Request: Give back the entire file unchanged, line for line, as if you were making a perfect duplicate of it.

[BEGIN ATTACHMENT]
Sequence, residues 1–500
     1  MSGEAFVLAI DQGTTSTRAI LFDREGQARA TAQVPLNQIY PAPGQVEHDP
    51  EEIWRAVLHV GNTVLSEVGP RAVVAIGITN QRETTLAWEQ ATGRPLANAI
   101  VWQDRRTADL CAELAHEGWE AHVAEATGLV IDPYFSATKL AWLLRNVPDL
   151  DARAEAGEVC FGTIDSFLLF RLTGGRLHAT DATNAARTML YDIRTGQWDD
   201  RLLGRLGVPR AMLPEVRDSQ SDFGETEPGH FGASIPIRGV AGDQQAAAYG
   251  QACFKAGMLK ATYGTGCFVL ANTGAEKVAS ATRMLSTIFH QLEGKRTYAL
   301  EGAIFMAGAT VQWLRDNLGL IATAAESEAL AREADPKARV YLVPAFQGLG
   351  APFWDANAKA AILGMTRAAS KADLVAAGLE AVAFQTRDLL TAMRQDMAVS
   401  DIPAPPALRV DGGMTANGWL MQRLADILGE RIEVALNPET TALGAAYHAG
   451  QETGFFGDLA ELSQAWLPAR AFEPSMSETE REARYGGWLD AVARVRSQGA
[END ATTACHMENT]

Sequence, residues 1–500
     1  MSGEAFVLAI DQGTTSTRAI LFDREGQARA TAQVPLNQIY PAPGQVEHDP
    51  EEIWRAVLHV GNTVLSEVGP RAVVAIGITN QRETTLAWEQ ATGRPLANAI
   101  VWQDRRTADL CAELAHEGWE AHVAEATGLV IDPYFSATKL AWLLRNVPDL
   151  DARAEAGEVC FGTIDSFLLF RLTGGRLHAT DATNAARTML YDIRTGQWDD
   201  RLLGRLGVPR AMLPEVRDSQ SDFGETEPGH FGASIPIRGV AGDQQAAAYG
   251  QACFKAGMLK ATYGTGCFVL ANTGAEKVAS ATRMLSTIFH QLEGKRTYAL
   301  EGAIFMAGAT VQWLRDNLGL IATAAESEAL AREADPKARV YLVPAFQGLG
   351  APFWDANAKA AILGMTRAAS KADLVAAGLE AVAFQTRDLL TAMRQDMAVS
   401  DIPAPPALRV DGGMTANGWL MQRLADILGE RIEVALNPET TALGAAYHAG
   451  QETGFFGDLA ELSQAWLPAR AFEPSMSETE REARYGGWLD AVARVRSQGA